7. 7. Companies direct more demonstrate a clear difference in how often midsize companies make use of these resources to manage directresources to managing direct costs compared with G&A costs: across the board, we found that respondents are much more likely to saycosts than they apply to they make “extensive use” of this array of resources to manage direct costs compared with G&A costs. (Seemanaging G&A costs Figure 5.) Survey results show that midsize compa- nies apply more resources—time, attention, skill,We asked respondents to tell us the extent to which knowledge, and information—to the managementthey use a range of resources—including time, atten- of direct costs than they apply to the management oftion, expertise, and information (both internal and G&A costs.external)—to manage direct and G&A costs, respec-tively. (See Figure 4.) Unsurprisingly, most surveyrespondents say their companies make at least some Survey results demonstrate that manyuse of these resources to manage both broad cost cate-gories. companies are less equipped to pursue savings on G&A costs than they are toAlthough most respondents make at least some useof these resources to manage costs, far fewer make extract savings on direct costs.extensive use of these resources. Survey results also up to t ee a s e s Figure 4. Most respondents say their companies make at least some use of an array of resources to manage both direct and G&A costs. In your opinion, to what extent does your company make use In your opinion, to what extent does your company make use of the following items in order to manage its direct costs of the following items in order to manage its general and (including COGS)? administrative (G&A) costs? 53% 34% 13% 38% 43% 19% Robust reporting on Robust reporting on direct spending G&A spending 39% 44% 17% 21% 55% 24% Staff time and attention devoted Staff time and attention devoted to direct cost management to G&A cost management 38% 46% 16% 27% 50% 23% Management program to monitor, Management program to monitor, review, and/or reduce direct costs review, and/or reduce G&A costs 34% 47% 19% 24% 50% 25% Employees’ negotiating skills Employees’ negotiating skills 29% 50% 21% 15% 49% 36% Knowledge of vendors’ Knowledge of vendors’ pricing strategies pricing strategies 27% 49% 25% 14% 54% 32% Knowledge of vendors’ Knowledge of vendors’ competitive market positions competitive market positions 15% 49% 36% 5% 38% 57% Benchmarking data Benchmarking data 0% 50% 100% 0% 50% 100% Extensive use Some use Limited use Percentage of respondents Note: Percentages may not total 100%, due to rounding. ©  cfo publishing corp. April  5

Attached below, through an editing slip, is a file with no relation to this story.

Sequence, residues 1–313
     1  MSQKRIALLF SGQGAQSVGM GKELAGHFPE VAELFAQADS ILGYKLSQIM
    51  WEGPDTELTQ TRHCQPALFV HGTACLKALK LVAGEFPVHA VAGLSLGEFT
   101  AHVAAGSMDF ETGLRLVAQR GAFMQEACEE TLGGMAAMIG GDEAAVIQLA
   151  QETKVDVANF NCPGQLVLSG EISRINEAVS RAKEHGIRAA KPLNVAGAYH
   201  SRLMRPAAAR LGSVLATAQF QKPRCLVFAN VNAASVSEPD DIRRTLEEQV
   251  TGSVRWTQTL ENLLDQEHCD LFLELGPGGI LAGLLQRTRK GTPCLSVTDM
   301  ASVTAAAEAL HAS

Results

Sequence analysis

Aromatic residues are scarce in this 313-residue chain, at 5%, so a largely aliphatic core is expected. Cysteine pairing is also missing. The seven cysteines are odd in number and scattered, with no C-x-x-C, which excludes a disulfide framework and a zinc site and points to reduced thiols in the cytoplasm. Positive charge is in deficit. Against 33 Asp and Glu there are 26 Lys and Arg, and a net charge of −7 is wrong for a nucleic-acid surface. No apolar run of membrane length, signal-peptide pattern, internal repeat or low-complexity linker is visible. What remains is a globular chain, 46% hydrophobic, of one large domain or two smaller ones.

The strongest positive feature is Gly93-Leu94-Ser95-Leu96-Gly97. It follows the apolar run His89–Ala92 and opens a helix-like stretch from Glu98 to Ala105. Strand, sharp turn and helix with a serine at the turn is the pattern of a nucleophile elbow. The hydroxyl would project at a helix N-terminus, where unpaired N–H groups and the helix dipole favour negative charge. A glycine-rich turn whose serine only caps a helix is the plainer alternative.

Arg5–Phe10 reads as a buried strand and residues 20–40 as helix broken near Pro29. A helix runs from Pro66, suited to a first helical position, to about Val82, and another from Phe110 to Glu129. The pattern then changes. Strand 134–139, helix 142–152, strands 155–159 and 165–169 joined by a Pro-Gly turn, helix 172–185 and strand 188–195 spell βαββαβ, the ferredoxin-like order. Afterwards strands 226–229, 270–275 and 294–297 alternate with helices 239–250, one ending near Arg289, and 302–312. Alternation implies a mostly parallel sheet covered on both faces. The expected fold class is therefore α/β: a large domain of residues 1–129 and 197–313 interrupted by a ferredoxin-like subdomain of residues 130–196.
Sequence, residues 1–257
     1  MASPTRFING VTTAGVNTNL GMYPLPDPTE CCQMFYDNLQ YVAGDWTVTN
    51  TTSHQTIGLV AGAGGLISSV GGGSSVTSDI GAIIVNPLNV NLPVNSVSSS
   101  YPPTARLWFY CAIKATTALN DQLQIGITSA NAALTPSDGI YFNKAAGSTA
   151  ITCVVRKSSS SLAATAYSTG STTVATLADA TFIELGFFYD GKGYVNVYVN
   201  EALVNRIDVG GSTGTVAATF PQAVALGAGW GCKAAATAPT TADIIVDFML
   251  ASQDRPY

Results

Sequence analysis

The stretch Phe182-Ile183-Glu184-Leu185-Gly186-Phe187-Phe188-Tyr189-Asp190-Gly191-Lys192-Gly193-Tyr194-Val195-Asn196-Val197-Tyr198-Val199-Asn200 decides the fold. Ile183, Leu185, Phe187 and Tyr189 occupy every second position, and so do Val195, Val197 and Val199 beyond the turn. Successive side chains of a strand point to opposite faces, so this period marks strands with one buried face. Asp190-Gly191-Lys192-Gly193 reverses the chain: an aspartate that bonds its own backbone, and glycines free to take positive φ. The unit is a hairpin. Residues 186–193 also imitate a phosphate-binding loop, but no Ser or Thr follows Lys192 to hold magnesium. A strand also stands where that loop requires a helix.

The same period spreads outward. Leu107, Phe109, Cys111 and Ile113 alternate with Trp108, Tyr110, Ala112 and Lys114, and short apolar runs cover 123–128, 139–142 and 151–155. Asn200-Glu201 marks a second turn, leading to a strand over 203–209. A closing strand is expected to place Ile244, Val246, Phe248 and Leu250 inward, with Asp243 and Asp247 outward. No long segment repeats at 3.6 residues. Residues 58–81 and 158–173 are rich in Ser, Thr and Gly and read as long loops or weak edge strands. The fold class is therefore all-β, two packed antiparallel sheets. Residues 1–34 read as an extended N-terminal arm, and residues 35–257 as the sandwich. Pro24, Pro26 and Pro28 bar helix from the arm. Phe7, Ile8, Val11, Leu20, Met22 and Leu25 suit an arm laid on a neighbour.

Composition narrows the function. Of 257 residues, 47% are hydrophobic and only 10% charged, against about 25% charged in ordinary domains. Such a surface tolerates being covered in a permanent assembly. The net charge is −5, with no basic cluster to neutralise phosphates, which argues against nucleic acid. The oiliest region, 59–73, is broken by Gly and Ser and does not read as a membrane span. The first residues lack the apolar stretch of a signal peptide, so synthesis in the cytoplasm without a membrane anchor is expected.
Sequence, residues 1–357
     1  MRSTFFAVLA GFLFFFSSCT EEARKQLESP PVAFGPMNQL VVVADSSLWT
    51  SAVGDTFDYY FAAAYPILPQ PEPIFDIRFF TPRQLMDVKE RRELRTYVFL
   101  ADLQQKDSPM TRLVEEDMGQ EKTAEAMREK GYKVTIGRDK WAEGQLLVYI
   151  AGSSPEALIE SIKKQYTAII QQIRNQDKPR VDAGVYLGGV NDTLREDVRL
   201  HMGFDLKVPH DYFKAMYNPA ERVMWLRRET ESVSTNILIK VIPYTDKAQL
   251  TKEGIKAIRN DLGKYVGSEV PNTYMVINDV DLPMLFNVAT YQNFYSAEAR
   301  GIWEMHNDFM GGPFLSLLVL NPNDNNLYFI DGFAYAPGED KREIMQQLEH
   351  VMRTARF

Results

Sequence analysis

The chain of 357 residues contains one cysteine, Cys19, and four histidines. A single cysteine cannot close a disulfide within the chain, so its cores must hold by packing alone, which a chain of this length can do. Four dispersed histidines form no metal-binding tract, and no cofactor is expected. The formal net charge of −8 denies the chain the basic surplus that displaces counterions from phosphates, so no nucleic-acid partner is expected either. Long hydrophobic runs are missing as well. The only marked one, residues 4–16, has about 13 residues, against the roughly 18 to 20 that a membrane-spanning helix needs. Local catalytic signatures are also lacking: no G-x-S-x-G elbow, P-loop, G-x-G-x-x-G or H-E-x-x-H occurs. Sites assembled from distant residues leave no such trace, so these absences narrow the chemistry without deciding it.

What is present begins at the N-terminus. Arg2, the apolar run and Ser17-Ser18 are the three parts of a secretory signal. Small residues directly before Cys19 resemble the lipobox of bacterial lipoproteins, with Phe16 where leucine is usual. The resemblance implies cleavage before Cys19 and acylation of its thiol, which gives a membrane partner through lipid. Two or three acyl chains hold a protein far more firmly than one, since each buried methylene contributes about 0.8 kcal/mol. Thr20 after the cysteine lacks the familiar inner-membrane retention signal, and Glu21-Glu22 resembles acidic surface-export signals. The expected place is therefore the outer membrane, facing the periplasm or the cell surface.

8. 8. Bringing the Discipline of Direct Cost Management to G&A Costs Figure 5. Across the board, companies are more likely to make “extensive use” of resources to manage direct costs than to manage G&A costs. In your opinion, to what extent does your company make use of the following items in order to manage its costs? Robust reporting on spending 38% 53% } + 15% pts 39% Staff time and attention 21% } + 18% pts Management program to monitor, review, and/or reduce costs 27% 38% } + 11% pts Employees’ negotiating skills 24% 34% } + 10% pts Knowledge of vendors’ pricing strategies 15% 29% } + 14% pts Knowledge of vendors’ competitive market positions 14% 27% } + 13% pts Benchmarking data 5% 15% } + 10% pts 0% 10% 20% 30% 40% 50% 60% Make “extensive use” to manage direct costs Make “extensive use” to manage G&A costs Percentage of respondents Because G&A cost reductions are relatively nondisrup- tive (particularly compared with reductions in head- Many companies could realize count and other labor costs), and because direct costs further cost savings, with tend to fall roughly in proportion with falling revenue, many well-managed companies seek to realize savings comparatively little pain, on G&A cost items before resorting to more painful by approaching G&A cost and lasting cost reduction measures. The results of this study demonstrate, however, that many compa- management with the same nies are less equipped to pursue savings on G&A discipline that they apply costs than they are to extract savings on direct to direct cost management. costs. At a time when many companies are asking the finance function to scrutinize all costs—line by line—to uncover savings, these results suggest that many companies could realize further savings, with comparatively little pain, by approaching G&A cost management with the same discipline and rigor that they apply to direct cost management. 6 April  ©  cfo publishing corp.